Structural reform: some of Europe's politicians might have hoped never to hear those words again following bold monetary stimulus from the European Central Bank (ECB). But they'll have to think again.
The ECB on Thursday unleashed an asset-purchase program worth 60 billion euros ($70 billion) a month in a bid to tackle deflation and weak growth in the 19-member euro area head on.
This long-awaited monetary boost throws the ball back in the court of euro zone politicians to do their part to lift growth prospects, according to experts gathered in Davos, Switzerland this week for the World Economic Forum.
"One thing is clear, the ECB's decision shouldn't take the politicians off the hook, they should still do what's necessary," Jeroen Dijsselbloem, head of the euro zone finance ministers' forum the Eurogroup, told CNBC Thursday.
"Politicians should get on with dealing with their economies, opening up their markets and making labor markets more flexible – these are all the things we call structural reform," he added.
Analysts say a slow response by governments to implement long-term reforms in areas such as making it easier to hire and fire, investment and spending programs help explain why Europe has struggled to recover from the global financial crisis.
The International Monetary Fund (IMF) this week revised down its forecast for euro zone economic growth to 1.2 percent in 2015 from a previous estimate of 1.3 percent. Compare that with the U.S., which the IMF forecasts to grow 3.6 percent this year.
"We should not over emphasize money (monetary stimulus). It's not the only game in town. Really investment and structural reform are the main games in town and we need the money (stimulus) to create space for these things," said Zhu Min, deputy managing director at the IMF.
"If you compare today's euro area investment levels with 2007, in terms of GDP (gross domestic product) this fell 5 percent. This is a huge number, how can you lose 5 percent of investments that would lead to strong growth? So I think the priority is to push investment not just in infrastructure but areas such as also the knowledge economy as we see in Germany," he added.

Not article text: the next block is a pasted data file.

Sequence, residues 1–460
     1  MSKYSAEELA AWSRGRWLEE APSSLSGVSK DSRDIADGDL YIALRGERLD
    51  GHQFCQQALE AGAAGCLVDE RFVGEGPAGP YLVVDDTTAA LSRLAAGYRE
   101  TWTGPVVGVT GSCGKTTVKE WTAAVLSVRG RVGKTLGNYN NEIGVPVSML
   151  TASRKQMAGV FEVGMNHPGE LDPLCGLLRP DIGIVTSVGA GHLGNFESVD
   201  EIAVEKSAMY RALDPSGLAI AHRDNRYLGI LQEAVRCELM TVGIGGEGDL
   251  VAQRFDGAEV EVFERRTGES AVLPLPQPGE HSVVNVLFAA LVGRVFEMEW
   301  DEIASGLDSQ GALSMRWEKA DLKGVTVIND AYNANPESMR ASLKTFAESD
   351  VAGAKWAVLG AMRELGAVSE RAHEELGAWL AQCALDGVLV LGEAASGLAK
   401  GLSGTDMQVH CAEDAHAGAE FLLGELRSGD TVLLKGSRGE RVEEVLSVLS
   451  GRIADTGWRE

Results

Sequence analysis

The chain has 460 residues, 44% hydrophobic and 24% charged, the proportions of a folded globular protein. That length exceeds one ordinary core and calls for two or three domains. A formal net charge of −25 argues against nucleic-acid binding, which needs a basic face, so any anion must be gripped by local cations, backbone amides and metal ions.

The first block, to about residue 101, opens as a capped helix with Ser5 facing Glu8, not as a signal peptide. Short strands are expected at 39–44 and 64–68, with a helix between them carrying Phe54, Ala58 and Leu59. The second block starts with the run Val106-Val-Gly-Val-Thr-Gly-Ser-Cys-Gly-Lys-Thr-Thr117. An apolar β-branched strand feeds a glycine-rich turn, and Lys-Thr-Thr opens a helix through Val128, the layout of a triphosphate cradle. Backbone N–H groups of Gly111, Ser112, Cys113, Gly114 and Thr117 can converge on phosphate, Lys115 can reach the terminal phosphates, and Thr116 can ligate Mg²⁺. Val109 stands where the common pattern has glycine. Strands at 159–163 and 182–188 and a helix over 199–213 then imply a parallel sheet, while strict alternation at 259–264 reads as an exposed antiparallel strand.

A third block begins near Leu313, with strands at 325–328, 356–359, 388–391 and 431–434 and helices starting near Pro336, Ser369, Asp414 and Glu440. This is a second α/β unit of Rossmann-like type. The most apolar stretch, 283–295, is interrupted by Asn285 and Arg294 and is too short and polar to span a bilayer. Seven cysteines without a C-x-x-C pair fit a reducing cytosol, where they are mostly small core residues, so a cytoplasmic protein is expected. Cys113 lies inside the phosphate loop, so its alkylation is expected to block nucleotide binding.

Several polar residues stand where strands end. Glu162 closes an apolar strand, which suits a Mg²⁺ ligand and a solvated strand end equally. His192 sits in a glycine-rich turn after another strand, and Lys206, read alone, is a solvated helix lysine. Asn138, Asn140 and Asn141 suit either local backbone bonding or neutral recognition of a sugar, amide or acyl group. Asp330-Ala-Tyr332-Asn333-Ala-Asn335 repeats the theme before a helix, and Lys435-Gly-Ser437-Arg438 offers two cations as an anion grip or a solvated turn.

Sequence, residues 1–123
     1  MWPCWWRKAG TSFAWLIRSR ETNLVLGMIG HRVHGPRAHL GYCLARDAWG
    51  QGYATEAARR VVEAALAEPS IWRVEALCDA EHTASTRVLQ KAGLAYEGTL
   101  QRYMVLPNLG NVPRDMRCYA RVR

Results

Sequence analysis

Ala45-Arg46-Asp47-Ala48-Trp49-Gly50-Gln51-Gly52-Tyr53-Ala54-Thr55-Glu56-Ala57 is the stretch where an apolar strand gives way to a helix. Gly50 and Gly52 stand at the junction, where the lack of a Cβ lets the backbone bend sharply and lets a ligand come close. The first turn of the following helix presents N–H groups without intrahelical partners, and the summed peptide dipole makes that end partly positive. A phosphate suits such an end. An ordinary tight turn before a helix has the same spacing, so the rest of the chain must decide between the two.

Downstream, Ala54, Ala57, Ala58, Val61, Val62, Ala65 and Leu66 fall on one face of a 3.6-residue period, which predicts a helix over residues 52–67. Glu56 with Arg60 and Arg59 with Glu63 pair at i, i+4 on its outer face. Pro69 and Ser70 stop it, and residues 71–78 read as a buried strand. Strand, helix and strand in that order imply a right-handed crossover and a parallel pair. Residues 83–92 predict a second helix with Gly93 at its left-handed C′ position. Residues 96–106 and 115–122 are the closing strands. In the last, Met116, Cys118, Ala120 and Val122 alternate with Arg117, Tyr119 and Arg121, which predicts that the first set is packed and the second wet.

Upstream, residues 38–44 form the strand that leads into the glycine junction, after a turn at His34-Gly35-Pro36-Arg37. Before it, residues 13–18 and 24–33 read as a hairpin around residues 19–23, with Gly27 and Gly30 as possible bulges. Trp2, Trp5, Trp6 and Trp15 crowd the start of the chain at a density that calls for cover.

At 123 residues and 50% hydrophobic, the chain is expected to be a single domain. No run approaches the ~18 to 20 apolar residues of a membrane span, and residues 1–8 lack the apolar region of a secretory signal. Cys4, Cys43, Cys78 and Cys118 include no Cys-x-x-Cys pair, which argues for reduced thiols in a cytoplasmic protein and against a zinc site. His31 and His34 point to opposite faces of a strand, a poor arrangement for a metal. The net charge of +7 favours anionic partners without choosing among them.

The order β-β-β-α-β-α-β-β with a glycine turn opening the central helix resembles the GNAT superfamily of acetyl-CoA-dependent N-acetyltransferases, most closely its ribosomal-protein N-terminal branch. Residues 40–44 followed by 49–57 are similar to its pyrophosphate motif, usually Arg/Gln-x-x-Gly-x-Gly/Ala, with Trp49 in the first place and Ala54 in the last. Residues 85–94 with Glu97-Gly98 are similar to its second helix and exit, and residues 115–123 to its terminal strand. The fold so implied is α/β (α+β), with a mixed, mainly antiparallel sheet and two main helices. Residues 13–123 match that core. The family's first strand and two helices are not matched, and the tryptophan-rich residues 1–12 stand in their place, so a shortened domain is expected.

At Thursday's ECB news conference, central bank President Mario Draghi said "speed is of the essence" in implementing a 315 billion euro investment plan unveiled by the European Commission late last year.
Draghi also stressed the need for structural reforms to "encourage investment."
Jaime Caruana, General Manager at the Bank for International Settlements, told CNBC in Davos that monetary stimulus by the ECB needed to be complemented by reforms.
"The most important thing when we take a long-term perspective is that this (ECB stimulus) should be an incentive to do more reform in Europe and then there is a possibility that Europe starts to grow again," he said, adding weak oil prices also provide a favorable back drop for reforms.
In addition to last year's 50 percent tumble in oil prices, the euro is down about 14 percent in the past six months – providing euro zone exporters with a competitive edge abroad.
Others attending the WEF in Davos pointed to the progress some countries have made in restructuring their economies.
"(In Italy), labor reform is good and banking reform is going in the right direction," said Generali CIO Nikhil Srinivasan
"People who are skeptics of QE (quantitative easing) that say if there is QE there is no reform are wrong. If you want to create jobs in the euro zone you have to have reform. The Spanish have done it for the last two years and the jobless rate is falling," he added.
Spain's unemployment rate is still very high at just under 24 percent, but that is down from almost 27 percent in 2013.